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UK Policy Briefing

Funding for violence against women and girls services: Briefing for a new government

This briefing covers funding for specialist services for victim/survivors of violence against women and girls.


Violence against women and girls (VAWG) includes physical, sexual, psychological, emotional, and financial abuse; stalking; harassment and coercion; forced marriage; so-called honour-based violence and female genital mutilation; child sex abuse; modern slavery; trafficking; pornography; and online abuse.

More than one in four women will experience domestic abuse during their lifetime, and one in four women have experienced rape or sexual assault as an adult.


  • Specialist services to support victims/survivors of VAWG are underfunded. Over 60% of referrals to refuges supporting women in England in 2022-23 were declined. There are 14,000 survivors on the Rape Crisis waiting list.
  • The design of the Home Office’s £8.4 million VAWG Support and Specialist Services (VSSS) fund launched in 2023 did not meet the needs of specialist women’s organisations. The definitions and criteria enabled generic, non-specialist organisations to access this funding.
  • Importantly, the investment announced for the VAWG sector did not include ringfenced funding for services led ‘by and for’ Black and minoritised women.

Investing in prevention measures in schools

  • Despite wide-spread calls within the sector to invest in prevention measures in schools, there has been a failure to invest in tackling the root causes of violence against women and girls in society.

Legal aid

  • Legal aid has been cut for family law cases, although there is an exception where there has been domestic violence. However, victims must report the violence to the police or to a health practitioner, something many women are not prepared to do.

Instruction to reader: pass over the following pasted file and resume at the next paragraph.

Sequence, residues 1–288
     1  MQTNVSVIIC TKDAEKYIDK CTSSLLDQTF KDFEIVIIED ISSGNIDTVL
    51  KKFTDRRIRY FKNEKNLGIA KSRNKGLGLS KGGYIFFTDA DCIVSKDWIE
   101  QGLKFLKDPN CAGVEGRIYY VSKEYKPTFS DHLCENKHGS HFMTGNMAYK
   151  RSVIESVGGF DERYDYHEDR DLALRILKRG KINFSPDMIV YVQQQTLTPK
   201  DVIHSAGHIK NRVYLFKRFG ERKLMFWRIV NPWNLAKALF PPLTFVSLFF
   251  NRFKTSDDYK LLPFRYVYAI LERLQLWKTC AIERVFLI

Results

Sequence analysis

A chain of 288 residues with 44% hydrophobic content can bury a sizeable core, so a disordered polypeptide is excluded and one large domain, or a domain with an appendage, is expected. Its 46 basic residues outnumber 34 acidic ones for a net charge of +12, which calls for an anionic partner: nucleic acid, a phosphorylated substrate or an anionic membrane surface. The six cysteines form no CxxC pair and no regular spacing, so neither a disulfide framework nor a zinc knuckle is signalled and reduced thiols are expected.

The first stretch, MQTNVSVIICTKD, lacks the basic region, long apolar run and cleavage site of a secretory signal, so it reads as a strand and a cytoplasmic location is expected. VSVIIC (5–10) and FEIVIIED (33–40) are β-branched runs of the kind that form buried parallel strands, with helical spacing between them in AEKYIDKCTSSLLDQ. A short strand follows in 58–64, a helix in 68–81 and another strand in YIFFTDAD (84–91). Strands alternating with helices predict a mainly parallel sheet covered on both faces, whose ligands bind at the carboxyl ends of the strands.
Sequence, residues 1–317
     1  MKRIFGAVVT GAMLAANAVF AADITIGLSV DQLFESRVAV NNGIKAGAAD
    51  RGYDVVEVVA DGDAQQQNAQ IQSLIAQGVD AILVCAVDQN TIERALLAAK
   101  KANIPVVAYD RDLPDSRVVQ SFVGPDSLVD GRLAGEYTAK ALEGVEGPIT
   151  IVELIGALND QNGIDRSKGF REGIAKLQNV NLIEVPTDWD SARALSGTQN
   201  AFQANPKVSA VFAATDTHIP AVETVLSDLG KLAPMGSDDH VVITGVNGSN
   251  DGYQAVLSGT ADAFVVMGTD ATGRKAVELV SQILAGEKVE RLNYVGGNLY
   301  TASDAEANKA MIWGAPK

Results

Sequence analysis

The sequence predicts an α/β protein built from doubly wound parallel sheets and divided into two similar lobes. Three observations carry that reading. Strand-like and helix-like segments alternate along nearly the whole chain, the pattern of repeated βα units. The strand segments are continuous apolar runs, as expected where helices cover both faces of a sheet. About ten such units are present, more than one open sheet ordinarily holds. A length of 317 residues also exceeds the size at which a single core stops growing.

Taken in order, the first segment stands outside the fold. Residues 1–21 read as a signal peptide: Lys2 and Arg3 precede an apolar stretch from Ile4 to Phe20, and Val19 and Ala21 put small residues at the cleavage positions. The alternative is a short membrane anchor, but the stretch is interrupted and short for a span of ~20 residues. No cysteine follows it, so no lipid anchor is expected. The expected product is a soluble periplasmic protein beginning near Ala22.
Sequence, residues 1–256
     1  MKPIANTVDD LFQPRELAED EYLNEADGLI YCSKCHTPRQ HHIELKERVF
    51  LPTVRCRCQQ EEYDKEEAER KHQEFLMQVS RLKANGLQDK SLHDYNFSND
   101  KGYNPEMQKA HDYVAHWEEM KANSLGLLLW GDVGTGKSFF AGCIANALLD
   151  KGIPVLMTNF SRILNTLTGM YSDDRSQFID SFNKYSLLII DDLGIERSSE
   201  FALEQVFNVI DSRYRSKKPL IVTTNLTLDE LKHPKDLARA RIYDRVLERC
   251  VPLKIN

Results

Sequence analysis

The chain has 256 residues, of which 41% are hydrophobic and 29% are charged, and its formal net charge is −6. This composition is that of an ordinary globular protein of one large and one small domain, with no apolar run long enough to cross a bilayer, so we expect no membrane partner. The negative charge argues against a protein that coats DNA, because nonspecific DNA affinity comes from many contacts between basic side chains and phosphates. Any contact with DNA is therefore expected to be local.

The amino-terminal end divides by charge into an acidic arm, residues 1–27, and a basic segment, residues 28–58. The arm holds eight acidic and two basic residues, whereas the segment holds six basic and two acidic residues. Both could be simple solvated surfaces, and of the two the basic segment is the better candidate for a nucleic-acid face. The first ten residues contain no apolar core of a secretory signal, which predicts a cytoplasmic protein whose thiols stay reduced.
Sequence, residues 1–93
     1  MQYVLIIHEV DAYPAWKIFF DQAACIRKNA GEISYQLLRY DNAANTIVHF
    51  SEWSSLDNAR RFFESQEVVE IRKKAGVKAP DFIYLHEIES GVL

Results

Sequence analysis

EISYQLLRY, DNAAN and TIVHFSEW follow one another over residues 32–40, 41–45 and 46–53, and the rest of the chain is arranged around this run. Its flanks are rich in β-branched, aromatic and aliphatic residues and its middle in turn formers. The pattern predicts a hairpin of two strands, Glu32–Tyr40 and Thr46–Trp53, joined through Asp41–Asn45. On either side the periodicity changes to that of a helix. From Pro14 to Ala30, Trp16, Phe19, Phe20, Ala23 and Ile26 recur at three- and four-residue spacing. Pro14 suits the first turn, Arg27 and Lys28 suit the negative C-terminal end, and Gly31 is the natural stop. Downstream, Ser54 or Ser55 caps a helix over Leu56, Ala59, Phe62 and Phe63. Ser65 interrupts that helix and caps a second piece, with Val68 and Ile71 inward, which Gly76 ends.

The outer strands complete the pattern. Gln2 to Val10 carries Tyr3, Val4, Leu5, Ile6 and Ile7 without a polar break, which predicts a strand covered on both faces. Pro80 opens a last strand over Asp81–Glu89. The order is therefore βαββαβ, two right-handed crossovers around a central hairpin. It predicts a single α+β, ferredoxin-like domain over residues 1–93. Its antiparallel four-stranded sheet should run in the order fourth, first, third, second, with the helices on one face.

• The Women’s Budget Group found that ‘domestic violence’ is one of the main issues women seek legal help/advice for (48% of survey respondents). 85% of respondents said vulnerable women are unable to access civil legal aid.

Rape prosecutions

  • The number of adult rape cases in the Crown Court outstanding caseload increased by 346% between 2019 and 2023.
  • However, in the final quarter of 2023, the average mean time from receipt to completion for adult rape cases was 366 days compared with 240 for all offences.
  • Despite an increase in cases, the percentage of victims who drop out of the legal process, (particularly at police investigation stage) has continued to rise and now sits at 61%.

No recourse to public funds

  • The ‘no recourse to public funds’ rule, which prevents survivors accessing certain benefits or services, can be used by an abuser to frighten survivors into staying with them, and make it impossible for survivors to find a refuge space.
  • Leaving can be difficult or impossible if the survivor has no access to benefits. This has been worsened by benefit cuts, including reductions in crisis support from local welfare assistance schemes.

 Social security

  • The social security system is failing survivors of violence and abuse when they need it most.
  • Poverty resulting from the benefit cap, two-child limit or other social security cuts can leave survivors trapped with an abusive partner.
  • Payment of universal credit (UC) into a single bank account can make women more vulnerable to economic abuse. Survivors may also be sanctioned for not applying for jobs that would put them at risk, such as near the perpetrator’s home or workplace


  • A commitment to long-term grant funding for specialist women’s services, including ringfenced funding for services led ‘by and for’ Black and minoritised women, Deaf and disabled women and LGBT+ survivors.
  • Ensure all migrant survivors can access protection and support services.
  • More specialist training for police dealing with VAWG cases.
  • Restore women’s access to justice through a commitment to clearing court backlogs and increasing legal aid funding and availability.
  • Invest in prevention measures in schools to address the root causes of violence against women and girls.
  • Reform social security (including uprating benefits and scrapping the benefits cap and two-child limit) to ensure women’s economic independence and their ability to leave abusive relationships.